* If you’ve ever looked longingly at your “;” key, purge that urge right now. Really. It’s not recommended. And back the dependent clause habit as well. You’re usually better off clipping each sentence at a single idea. Then starting the next sentence where you left off.

* What else? One or two word questions are a nice way, sometimes, to egg your reader onward.

* Beware of format when you make your paragraph breaks. Too many one-liners in succession, for instance, look funny in a two or three column layout. Equally, a three-line paragraph in a letter becomes a very long block when you go to columns. If you can mark up a post-production draft, scan for lines that need re-breaking.

* A freebie: Line-breaks count in headlines and subheads too. Visually, you want one or two lines. Three at most. Usually of equal length, but do try to start new lines with verbs, numbers, or otherwise alluring bits of text. Never with throwaway words.

Sound about right?

Let’s hope so.

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How Sid Sold So Many Suits

monkey in a suit.png Sid and Harry run a tailor shop in New York City.

If you can picture it, Sid is the salesman working the floor, while Harry works over the inventory in the back.

A customer comes in.

“Excuse me sir,” he says to Sid, “how much for this suit?

“Let me ask Harry,” says Sid. “Hey Harry, how much for the black three-button suit?”

“For that beautiful suit?” shouts Harry from the back, “$42.”

Sid, hand cupped to his ear, looks confused for just a second. Then he turns to the customer and say, “Harry says this one is $22.”

The customer, eager to capitalize on the ‘mistake,’ plunks down his money and make a quick exit with his new purchase.

Now, I don’t know if Sid can really hear well or not. There’s even a good chance — let’s say “high likelihood” — that Sid and Harry meant to sell the suit for $22 all along.

But you get the idea.

The story comes our way from master copywriter and multi-millionaire businessman, Michael Masterson, who credits it in turn to persuasion expert Robert Cialdini.

Simply put, Sid’s story demonstrates the “law of contrasts” at work. The law of contrasts is where you underscore the greatness of a product, and offer, something… by comparing it to something else.

In Sid’s case, the $22 price of the suit sure seemed like a deal when compared to the $42 it seemed SUPPOSED to cost.

Suddenly, without really offering a discount or changing any of the details of the original offer… the contrast with a higher price alone makes $22 seem like a great bargain.

Now, of course, Sid and Harry’s story is an old one (who would wear a $22 suit today?). But consider, in the next offer you write, is there a way you could make the simple power of contrasts work for you?

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Scientific Study Asks, “Are You Creative?”

HomerQuick — do any of these apply to you?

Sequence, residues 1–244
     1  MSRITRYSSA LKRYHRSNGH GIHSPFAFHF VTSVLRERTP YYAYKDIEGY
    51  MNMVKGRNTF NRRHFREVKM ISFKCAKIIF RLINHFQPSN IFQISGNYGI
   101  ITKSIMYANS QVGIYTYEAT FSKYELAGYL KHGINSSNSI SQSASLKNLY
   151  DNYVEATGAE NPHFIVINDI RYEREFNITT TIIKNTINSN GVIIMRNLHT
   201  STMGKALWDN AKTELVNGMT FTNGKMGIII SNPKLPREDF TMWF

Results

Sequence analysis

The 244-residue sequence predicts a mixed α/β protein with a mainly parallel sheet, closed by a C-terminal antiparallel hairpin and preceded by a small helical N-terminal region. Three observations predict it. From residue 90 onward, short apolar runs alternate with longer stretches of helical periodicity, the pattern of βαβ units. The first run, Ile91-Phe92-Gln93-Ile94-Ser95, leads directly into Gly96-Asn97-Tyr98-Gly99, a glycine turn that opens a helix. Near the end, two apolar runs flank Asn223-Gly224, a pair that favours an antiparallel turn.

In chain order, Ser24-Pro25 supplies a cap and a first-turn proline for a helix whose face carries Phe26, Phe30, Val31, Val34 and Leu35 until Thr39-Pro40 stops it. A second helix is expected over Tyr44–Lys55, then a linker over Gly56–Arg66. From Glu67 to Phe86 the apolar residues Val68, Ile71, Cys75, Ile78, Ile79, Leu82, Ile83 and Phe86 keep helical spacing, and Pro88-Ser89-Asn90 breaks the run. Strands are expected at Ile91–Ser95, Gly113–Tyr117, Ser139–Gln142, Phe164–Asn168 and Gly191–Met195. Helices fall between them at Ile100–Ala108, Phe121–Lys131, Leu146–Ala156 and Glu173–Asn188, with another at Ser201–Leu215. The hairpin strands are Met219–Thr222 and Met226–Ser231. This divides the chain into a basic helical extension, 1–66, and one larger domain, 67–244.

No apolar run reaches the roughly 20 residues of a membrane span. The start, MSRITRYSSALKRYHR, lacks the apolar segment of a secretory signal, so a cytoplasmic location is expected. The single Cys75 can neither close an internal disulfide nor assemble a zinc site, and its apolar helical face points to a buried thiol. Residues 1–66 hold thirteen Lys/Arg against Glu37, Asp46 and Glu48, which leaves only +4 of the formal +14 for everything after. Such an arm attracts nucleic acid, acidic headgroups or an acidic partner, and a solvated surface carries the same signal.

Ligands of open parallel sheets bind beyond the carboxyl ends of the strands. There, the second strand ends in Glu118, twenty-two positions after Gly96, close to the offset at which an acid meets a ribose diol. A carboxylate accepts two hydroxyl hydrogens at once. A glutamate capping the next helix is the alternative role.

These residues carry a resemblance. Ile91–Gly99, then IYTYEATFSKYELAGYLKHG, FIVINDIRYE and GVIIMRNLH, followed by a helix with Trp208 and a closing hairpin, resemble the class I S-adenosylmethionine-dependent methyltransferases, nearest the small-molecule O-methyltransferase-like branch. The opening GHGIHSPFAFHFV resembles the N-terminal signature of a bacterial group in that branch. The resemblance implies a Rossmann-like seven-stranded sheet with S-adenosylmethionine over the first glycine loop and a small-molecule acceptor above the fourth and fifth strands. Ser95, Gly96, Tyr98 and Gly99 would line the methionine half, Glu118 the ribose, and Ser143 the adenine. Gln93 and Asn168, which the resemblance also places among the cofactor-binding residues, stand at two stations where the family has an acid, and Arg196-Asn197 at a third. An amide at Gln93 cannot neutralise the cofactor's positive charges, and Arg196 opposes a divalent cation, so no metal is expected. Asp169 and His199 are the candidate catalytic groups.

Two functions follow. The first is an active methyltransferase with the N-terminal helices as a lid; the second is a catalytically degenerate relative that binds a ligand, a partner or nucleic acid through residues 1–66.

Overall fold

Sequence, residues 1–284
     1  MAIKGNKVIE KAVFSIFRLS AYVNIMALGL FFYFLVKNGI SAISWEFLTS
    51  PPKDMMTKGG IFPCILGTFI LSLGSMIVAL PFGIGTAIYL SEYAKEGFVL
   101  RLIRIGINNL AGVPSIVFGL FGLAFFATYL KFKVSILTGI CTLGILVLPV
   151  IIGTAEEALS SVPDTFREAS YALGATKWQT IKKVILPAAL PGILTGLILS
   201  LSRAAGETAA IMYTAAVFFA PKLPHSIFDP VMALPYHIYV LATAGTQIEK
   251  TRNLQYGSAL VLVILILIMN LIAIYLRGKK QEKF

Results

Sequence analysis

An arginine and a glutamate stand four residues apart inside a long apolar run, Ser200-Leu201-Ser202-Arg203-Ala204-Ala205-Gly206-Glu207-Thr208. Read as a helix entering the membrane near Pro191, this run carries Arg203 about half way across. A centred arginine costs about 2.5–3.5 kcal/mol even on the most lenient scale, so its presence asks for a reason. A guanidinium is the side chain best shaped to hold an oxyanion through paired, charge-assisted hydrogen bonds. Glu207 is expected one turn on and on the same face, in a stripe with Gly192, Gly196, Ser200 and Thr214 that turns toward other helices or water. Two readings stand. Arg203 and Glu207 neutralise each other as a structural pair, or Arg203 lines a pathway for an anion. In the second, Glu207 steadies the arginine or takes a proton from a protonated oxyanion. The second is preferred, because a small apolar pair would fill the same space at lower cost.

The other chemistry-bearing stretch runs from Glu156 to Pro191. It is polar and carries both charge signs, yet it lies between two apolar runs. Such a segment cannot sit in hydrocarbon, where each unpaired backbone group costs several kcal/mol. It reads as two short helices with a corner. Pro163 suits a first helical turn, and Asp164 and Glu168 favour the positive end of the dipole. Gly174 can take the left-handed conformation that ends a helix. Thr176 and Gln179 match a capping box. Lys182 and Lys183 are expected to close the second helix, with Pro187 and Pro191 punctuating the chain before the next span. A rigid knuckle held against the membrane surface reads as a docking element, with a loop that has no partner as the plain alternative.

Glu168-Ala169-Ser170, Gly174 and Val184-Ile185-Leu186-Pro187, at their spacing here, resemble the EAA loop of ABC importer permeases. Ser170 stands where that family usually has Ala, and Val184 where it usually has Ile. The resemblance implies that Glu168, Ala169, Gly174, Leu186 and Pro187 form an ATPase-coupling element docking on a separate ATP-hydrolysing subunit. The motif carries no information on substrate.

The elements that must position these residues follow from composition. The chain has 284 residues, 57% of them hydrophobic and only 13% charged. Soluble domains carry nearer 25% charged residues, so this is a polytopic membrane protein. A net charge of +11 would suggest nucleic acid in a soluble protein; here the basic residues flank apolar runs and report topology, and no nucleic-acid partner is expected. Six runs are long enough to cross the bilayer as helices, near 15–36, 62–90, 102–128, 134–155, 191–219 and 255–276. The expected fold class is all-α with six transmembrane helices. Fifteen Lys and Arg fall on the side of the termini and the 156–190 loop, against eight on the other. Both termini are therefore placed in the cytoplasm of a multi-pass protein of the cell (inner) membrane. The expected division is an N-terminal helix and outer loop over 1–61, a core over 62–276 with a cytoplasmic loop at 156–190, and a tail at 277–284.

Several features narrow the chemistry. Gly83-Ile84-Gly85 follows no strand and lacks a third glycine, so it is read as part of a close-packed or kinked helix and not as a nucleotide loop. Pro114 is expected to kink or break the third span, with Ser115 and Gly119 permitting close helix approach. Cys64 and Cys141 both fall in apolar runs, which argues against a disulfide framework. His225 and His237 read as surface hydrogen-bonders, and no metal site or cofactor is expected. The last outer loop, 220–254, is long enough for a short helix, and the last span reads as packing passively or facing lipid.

* Ideational Fluency – Someone gives you a word. The more sentences, ideas, and associations you can match to that word, the more likely it is you’re a “creative type.”

 * Variety and Flexibility – Someone gives you an object, say a garden hose. How many different things can you do with it? The more you can think of, the better.

 * Original Problem Solving – Someone presents you with a puzzle or a problem. Beyond the conventional solution, how many other workable but uncommon solutions can you come up with?

 * Elaboration – How far can you carry an idea? That is, once you have it, can you build on it until you can actually carry it out in application?

 * Problem Sensitivity – When someone presents you with a problem, how many challenges related to that problem can you identify? More importantly, can you zero in on the core or most important challenge?

 * Redefinition – Take a look at the same problem. Can you find a way to look at it in a completely different light?

Say researchers published in Scientific American, while their isn’t really a measurable “Creativity Quotient” (C.Q.) that they can pin to any set standard, it just so happens that a lot of creative people share some or all of the traits I just told you about.

How’d you fare?

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Pixar’s Rules For Storytelling – Business Insider

Former Pixar storyboard artist Emma Coats reveals some behind-the-scenes wisdom.

What makes for a good — no, strike that, great — story?

Nobody knows better than a copywriter how well a well-told story can bust through barriers of resistance. When in doubt on how to start your sales letter, after all, tell a story… right?

 

And if you have young kids — we do — you also know that few have figured out how to tell a story better than the folks over at Pixar. It’s no accident that they’ve got a perfect record with all their releases.

Even their lesser movies (Cars 2, I’m looking at you) were blockbusters.

In this classic post, a Pixar insider reveals the secret. Or, as the case happens to be, secrets — 22 in all.

Check out the original post, over at Business Insider… 

Source: Pixar’s Rules For Storytelling – Business Insider

P.S. You can also pick up an annotated e-book version here.